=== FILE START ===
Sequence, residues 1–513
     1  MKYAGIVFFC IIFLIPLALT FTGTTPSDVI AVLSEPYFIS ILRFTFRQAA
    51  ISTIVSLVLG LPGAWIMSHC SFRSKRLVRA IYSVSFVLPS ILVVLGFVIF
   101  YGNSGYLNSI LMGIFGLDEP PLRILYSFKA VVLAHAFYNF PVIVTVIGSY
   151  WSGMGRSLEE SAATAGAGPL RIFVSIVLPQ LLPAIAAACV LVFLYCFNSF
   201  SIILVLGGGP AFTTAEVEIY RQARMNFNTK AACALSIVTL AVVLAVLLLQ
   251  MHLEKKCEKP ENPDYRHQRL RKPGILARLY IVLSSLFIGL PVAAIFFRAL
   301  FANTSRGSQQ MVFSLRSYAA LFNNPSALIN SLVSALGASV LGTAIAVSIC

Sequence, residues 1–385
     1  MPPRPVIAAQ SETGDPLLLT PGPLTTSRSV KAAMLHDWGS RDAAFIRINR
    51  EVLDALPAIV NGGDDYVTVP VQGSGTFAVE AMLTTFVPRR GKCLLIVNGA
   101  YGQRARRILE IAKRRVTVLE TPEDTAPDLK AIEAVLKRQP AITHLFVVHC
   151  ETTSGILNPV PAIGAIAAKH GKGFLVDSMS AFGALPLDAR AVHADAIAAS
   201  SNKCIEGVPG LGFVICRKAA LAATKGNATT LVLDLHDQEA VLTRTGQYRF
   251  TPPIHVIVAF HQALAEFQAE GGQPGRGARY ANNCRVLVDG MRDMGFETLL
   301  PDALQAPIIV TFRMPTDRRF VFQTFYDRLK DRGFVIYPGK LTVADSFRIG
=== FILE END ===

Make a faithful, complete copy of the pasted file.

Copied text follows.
Sequence, residues 1–513
     1  MKYAGIVFFC IIFLIPLALT FTGTTPSDVI AVLSEPYFIS ILRFTFRQAA
    51  ISTIVSLVLG LPGAWIMSHC SFRSKRLVRA IYSVSFVLPS ILVVLGFVIF
   101  YGNSGYLNSI LMGIFGLDEP PLRILYSFKA VVLAHAFYNF PVIVTVIGSY
   151  WSGMGRSLEE SAATAGAGPL RIFVSIVLPQ LLPAIAAACV LVFLYCFNSF
   201  SIILVLGGGP AFTTAEVEIY RQARMNFNTK AACALSIVTL AVVLAVLLLQ
   251  MHLEKKCEKP ENPDYRHQRL RKPGILARLY IVLSSLFIGL PVAAIFFRAL
   301  FANTSRGSQQ MVFSLRSYAA LFNNPSALIN SLVSALGASV LGTAIAVSIC

Sequence, residues 1–385
     1  MPPRPVIAAQ SETGDPLLLT PGPLTTSRSV KAAMLHDWGS RDAAFIRINR
    51  EVLDALPAIV NGGDDYVTVP VQGSGTFAVE AMLTTFVPRR GKCLLIVNGA
   101  YGQRARRILE IAKRRVTVLE TPEDTAPDLK AIEAVLKRQP AITHLFVVHC
   151  ETTSGILNPV PAIGAIAAKH GKGFLVDSMS AFGALPLDAR AVHADAIAAS
   201  SNKCIEGVPG LGFVICRKAA LAATKGNATT LVLDLHDQEA VLTRTGQYRF
   251  TPPIHVIVAF HQALAEFQAE GGQPGRGARY ANNCRVLVDG MRDMGFETLL
   301  PDALQAPIIV TFRMPTDRRF VFQTFYDRLK DRGFVIYPGK LTVADSFRIG